Baseball is an exhilarating yet frustrating mess of contradictions, and this fan is caught in the trap—like millions of other men and women (save George Will, whose pompous moral certitude about the sport is immutable)—of trying to reconcile “purist” instincts with the undeniable improvements in the game over the past several decades. Last weekend, for example, while watching a slew of inter-league contests via the MLB “Extra Innings” package (which, regardless of varying prices depending on your locale and cable provider, costs less for an entire season of televised games than one day at a stadium for a family of four), I finally switched gears and figured it was time for the National League to acquiesce and adopt the still-controversial designated hitter rule.
Heresy, I guess, but what the hell; if you’re a Milwaukee Brewers’ devotee, wouldn’t it be delightful to see the world’s tubbiest vegetarian, Prince Fielder, in the dugout, contemplating his next plate appearance, instead of anchored at first base? One league’s dominance over the other usually runs in cycles, but the N.L. seems mired in a slump that’s likely to run longer than the Great Depression, and this was evident once again over the weekend. Sure, the strategy required of an N.L. manager is more intricate than A.L. counterparts with double-switches and more sacrifice bunts, but the two leagues might be more competitive if older free agents (or crummy fielders) could extend their careers as a DH.
That said, and here’s one of those curveballs, I can’t stand inter-league play, even though it pumps up attendance and allows fans to see star players who were once a mystery aside from the All-Star game (which, of course, has devolved into a meaningless exhibition game instead of a proud showcase) or the World Series. My 13-year-old son, with whom I have the pleasure of sitting next to in our matching easy chairs in the homestead’s television room, adamantly disagrees, but I chalk that up to his participation in a fantasy league with a bunch of school buddies. I just don’t like the disruption of the season’s rhythm, the fake “rivalries” cooked up by MLB schedule makers—sure, the Cubs and White Sox make sense, but the Rockies and Tigers?—for the sake of novelty and profit.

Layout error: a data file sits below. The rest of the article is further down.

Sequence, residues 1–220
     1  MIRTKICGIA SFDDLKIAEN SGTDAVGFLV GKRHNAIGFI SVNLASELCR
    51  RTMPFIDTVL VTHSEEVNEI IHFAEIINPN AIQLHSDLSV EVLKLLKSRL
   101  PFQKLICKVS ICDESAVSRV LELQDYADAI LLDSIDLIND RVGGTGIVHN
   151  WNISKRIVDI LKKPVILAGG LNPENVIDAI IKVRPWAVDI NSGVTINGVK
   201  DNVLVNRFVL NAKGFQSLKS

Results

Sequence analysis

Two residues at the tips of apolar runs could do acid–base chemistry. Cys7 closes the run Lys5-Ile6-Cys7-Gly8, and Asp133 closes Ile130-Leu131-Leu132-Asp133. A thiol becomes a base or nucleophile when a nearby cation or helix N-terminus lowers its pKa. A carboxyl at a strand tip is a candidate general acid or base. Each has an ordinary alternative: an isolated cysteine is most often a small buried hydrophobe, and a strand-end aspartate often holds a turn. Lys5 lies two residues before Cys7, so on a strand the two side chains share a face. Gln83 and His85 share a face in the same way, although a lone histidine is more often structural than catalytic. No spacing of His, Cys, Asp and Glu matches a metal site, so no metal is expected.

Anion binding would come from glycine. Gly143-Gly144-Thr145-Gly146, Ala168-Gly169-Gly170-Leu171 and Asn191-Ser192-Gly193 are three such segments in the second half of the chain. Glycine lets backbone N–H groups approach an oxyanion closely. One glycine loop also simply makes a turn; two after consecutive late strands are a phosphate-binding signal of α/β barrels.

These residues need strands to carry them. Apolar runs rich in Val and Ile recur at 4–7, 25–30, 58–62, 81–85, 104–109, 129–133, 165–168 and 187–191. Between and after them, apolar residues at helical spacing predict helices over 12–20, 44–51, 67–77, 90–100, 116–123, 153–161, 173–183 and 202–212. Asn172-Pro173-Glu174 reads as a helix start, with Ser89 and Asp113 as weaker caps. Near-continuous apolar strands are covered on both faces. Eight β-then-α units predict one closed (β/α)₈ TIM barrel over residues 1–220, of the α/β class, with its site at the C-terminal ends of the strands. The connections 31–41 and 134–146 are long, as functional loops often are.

The Braves’ Chipper Jones complained last year about how his club drew much tougher opponents than the N.L. East rival Mets, but that’s kind of bogus since the tough teams vary from season to season. What bothers me is that when playoff spots are at stake I’d rather have my team, the Red Sox, play more times against their competitors; the Sox, for instance, won’t square off against the Tigers again in 2008. Lucky for Boston that Detroit was off to a feeble start when they played their paltry seven games, but when the wild card is up for grabs in September and both teams are possible contenders for that slot, it seems like a waste that 18 games were blown on inter-league play. It’s a losing battle, and hard to argue when the Washington Nationals drew their best crowds of the years since opening day playing the Orioles, but I’ll continue to carp.